No date for hanging Saddam aides

Awad Hamed al-Bander, the former head of Saddam Hussein's revolutionary court reacts after being sentenced to death during his trial in the heavily fortified Green Zone in Baghdad November 5, 2006. Iraq has not set a date for executing Saddam's two co-defendants, an official said on Thursday, as the government tried to dampen disgust over a video of Saddam's hanging that has angered Sunni Arabs. REUTERS/David Furst/Pool
 
Awad Hamed al-Bander, the former head of Saddam Hussein's revolutionary court reacts after being sentenced to death during his trial in the heavily fortified Green Zone in Baghdad November 5, 2006. Iraq has not set a date for executing Saddam's two co-defendants, an official said on Thursday, as the government tried to dampen disgust over a video of Saddam's hanging that has angered Sunni Arabs. REUTERS/David Furst/Pool
 
 
 

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By Ibon Villelabeitia, Reuters

Published: Thursday, January 04, 2007

BAGHDAD (Reuters) - Iraq has not set an execution date for two of Saddam Hussein's aides, an official said on Thursday, as the government faced anger from Sunnis over Saddam's unruly hanging.

There had been reports that Saddam's half-brother, former intelligence boss Barzan al-Tikriti and former judge Awad al-Bander, would hang on Thursday. But an aide to Prime Minister Nuri al-Maliki said no date had been set.

Barzan and Bander were found guilty along with Saddam of crimes against humanity in the killings of 148 Shi'ite men from Dujail in the 1980s.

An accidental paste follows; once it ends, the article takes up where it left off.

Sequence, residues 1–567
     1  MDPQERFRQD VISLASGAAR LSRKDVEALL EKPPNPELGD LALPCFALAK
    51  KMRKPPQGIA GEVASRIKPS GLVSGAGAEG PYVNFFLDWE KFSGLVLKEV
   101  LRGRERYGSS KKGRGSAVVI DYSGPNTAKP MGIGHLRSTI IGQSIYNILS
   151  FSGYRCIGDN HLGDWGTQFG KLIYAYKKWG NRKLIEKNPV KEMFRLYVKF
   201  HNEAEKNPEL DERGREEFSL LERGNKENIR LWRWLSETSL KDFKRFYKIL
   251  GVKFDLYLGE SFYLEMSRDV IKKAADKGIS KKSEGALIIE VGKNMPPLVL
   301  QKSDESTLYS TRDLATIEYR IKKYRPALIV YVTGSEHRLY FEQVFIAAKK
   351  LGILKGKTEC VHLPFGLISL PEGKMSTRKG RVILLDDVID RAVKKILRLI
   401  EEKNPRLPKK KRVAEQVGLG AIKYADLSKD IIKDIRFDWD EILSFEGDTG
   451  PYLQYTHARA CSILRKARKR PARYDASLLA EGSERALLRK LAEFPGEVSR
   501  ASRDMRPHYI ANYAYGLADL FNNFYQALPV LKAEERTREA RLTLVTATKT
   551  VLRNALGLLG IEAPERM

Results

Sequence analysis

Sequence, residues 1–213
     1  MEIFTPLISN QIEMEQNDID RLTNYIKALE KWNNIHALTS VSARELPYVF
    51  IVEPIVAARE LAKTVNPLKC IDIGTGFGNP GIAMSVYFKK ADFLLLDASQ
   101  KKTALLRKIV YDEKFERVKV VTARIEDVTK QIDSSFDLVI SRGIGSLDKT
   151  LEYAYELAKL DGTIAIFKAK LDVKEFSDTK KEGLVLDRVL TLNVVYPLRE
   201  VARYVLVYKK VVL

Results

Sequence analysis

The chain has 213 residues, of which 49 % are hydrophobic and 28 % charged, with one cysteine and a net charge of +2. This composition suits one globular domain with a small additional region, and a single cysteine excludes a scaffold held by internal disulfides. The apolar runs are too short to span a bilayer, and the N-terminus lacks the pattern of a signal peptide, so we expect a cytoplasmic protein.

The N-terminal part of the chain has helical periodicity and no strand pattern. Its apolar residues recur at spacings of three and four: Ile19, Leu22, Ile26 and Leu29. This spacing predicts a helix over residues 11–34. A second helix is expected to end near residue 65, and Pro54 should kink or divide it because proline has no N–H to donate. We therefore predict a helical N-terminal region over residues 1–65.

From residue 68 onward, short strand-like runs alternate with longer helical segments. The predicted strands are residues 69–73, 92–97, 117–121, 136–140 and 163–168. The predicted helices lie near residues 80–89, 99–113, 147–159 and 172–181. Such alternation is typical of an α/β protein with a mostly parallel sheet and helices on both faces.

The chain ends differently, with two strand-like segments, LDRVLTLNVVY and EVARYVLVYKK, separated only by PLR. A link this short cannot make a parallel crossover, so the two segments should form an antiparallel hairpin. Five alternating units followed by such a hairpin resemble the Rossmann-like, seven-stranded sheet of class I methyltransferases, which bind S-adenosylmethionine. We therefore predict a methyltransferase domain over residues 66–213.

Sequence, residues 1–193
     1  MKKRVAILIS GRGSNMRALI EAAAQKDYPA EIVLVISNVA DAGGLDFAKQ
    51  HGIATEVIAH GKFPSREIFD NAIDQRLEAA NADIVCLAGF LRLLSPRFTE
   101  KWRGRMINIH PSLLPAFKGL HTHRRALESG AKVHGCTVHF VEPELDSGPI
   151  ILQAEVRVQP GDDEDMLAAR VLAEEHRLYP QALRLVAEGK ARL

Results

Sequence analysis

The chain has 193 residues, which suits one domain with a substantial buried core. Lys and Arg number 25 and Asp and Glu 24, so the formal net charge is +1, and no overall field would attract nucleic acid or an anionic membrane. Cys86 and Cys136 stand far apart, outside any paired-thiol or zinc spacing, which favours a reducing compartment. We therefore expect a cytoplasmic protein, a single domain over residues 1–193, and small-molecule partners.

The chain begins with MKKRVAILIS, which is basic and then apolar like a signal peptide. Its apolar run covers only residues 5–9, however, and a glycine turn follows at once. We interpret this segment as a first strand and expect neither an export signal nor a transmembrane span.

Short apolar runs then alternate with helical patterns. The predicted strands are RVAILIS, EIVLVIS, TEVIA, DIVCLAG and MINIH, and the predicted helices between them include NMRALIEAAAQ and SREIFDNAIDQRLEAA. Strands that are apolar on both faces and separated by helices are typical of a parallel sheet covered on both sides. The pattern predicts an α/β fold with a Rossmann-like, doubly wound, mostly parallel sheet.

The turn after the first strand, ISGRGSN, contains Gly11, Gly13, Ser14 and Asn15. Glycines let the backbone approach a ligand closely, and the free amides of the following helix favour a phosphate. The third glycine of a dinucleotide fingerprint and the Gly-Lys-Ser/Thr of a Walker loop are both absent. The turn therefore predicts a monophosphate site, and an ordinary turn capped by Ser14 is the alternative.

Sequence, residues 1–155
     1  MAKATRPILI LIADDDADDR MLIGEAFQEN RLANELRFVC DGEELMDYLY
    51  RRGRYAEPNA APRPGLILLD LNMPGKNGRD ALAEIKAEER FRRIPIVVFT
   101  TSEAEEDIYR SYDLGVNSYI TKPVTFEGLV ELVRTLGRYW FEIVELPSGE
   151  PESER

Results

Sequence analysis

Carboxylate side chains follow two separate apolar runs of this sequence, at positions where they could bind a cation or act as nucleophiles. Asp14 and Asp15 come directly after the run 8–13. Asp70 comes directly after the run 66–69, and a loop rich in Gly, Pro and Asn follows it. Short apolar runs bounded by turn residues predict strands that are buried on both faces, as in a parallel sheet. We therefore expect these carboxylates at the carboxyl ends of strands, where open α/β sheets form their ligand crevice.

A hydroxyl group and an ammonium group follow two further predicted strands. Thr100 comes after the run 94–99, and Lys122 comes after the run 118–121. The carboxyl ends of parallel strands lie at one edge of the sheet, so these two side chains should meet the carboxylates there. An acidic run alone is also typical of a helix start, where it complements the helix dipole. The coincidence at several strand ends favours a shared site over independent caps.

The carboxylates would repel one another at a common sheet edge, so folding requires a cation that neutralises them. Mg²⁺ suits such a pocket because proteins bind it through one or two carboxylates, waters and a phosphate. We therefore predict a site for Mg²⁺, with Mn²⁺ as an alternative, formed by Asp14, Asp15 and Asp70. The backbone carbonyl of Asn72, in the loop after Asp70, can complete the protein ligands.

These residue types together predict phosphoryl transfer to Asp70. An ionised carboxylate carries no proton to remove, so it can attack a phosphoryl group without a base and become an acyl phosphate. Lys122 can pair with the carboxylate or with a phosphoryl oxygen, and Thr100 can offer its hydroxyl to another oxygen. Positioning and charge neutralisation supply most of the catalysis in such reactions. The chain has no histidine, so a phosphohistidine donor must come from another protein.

Bahaa al-Araji, a lawmaker for radical Shi'ite cleric Moqtada al-Sadr's political group, said he believed the executions would be delayed until Sunday, the first working day after the weekend and the Eid al-Adha holiday.

"As far as I know, the executions will take place on Sunday, if things stand as they are," al-Araji said. "I'm not sure about what time, but I doubt it will be in the same place."

U.N. High Commissioner for Human Rights Louise Arbour urged Iraq on Wednesday not to execute the two men out of respect for international law and concerns over the fairness and impartiality of the trial.

U.N. Secretary-General Ban Ki-moon's spokeswoman said he fully endorsed Arbour's statement.

Maliki had brushed aside a similar appeal from Arbour before Saddam was executed, and shocked many in Iraq and the rest of the Muslim world by having him hanged on the first day of Eid.

VIDEO CONTROVERSY

Facing growing criticism over a video of Shi'ite officials mocking Saddam on the gallows, which has hardened perceptions of Shi'ite triumphalism among Sunni Arabs and discomfited the United States, officials said a number of guards had been detained as part of a government probe into who filmed and leaked the video.

The images, which show observers yelling "Go to hell" and chanting the name of a radical Shi'ite cleric before Saddam falls through the trap, has inflamed sectarian passions in a country on the brink of sectarian civil war.

Thousands of Sunni Arabs have marched to vent anger at the execution, and mourners have flocked to his grave in his home village of Awja.

Although the Interior Ministry's investigation has so far centered on the guards, it could implicate senior government officials present at the execution, dealing a further blow to Maliki's calls for national reconciliation.

The U.S. military, which said it played no role in the hanging and would have done things "differently," urged Maliki in unusually direct advice to reach out to disillusioned Sunnis.

U.S. Major General William Caldwell said on Wednesday there had been a lull in violence over the Eid al-Adha holiday, but that U.S. forces were still braced for a possible backlash.

On Thursday, two bombs exploded near a petrol station in Baghdad's western Mansour district, killing at least 13 people and wounding 22, police said.

 
 
 
 
 
 
 
 

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